Occupations


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Occupations


Formal. 1. asecretary.
2. a scribe or copyist.
1. a maker of cameos.
2. a collector of or authority on cameos.
a member of the Russian secret police (1917-1922) called Cheka.
a general assistant, engaged to do all varieties of work.
an occupation, vocation or trade, especially in the sense of the work a person is best suited for.
the art and trade of designing and making women’s hats. — milliner, n.
a maker and seller of fashionable gowns and millinery for women.
a mosaic maker or dealer in mosaics. Also mosaist.
Obsolete, a dealer in perfume or unguents.
a colonizer.
an individual charged with the duty of investigating and redressing the sources of complaints lodged by private citizens against businesses, institutions, and officials.
a maker or designer of stained glass.
References in classic literature ?
Thus you may tell these characters immediately by the nature of their occupations.
My father made no reproach in his letters and only took notice of my science by inquiring into my occupations more particularly than before.
That she must long since have discovered him to be not quite so respectable a man as he looked, and that she might suspect something wrong was going on in the house at the present time, were, in Old File's opinion, matters of certainty; but that she knew anything positively on the subject of her father's occupations, he seemed to doubt.
Her mind wandered over her hopes and fears, recurring to her other labors, and the prices she received for occupations so wearying and slavish.
I often thought how much wiser it would have been to give these girls the same amount of maternal training--and I favour any kind of training, whether in the languages or mathematics, that gives strength and culture to the mind --but at the same time to give them the most thorough training in the latest and best methods of laundrying and other kindred occupations.
From all his occupations he had gathered amusing anecdotes, which he told with a keen pleasure in his own powers of entertainment.
Probably, I replied, that would be the better way; and when I hear you say this, I am myself reminded that we are not all alike; there are diversities of natures among us which are adapted to different occupations.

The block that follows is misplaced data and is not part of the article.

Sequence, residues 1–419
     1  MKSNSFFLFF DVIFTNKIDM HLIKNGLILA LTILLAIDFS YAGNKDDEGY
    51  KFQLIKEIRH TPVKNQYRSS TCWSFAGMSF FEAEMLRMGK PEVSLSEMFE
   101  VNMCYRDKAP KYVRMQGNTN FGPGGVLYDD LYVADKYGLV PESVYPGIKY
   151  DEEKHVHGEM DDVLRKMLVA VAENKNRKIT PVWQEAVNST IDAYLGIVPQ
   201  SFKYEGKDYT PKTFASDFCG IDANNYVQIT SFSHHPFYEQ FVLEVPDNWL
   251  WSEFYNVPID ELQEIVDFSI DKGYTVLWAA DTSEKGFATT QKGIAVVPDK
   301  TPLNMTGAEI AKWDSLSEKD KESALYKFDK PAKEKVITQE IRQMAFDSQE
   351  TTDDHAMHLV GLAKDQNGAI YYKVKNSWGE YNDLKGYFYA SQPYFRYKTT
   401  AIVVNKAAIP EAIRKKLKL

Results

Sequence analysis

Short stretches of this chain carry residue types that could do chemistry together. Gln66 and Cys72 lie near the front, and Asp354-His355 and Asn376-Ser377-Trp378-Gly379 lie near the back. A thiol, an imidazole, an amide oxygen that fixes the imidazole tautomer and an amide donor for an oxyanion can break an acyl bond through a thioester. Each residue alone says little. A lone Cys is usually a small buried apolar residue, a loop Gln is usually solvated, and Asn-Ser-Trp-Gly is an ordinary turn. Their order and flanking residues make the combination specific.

It was true I had many and good friends, and I was blessed with interests and occupations which I had often declared sufficient to satisfy any not too exacting human being.
Charley had already exhausted the less eager activity of the other children; and they had betaken themselves to occupations that did not admit of his companionship.
Now those things in which a city should be one are of different sorts, and in preserving an alternate reciprocation of power between these, the safety thereof consists (as I have already mentioned in my treatise on Morals), for amongst freemen and equals this is absolutely necessary; for all cannot govern at the same time, but either by the year, or according to some other regulation or time, by which means every one in his turn will be in office; as if the shoemakers and carpenters should exchange occupations, and not always be employed in the same calling.
The Ass found that he had fallen into worse hands, and noting his master's occupation, said, groaning: "It would have been better for me to have been either starved by the one, or to have been overworked by the other of my former masters, than to have been bought by my present owner, who will even after I am dead tan my hide, and make me useful to him.
In the windows of some, there were green plants, which were trained to shade the glass; in all, there was as much fresh air, cleanliness, and comfort, as the nature of the occupation would possibly admit of.

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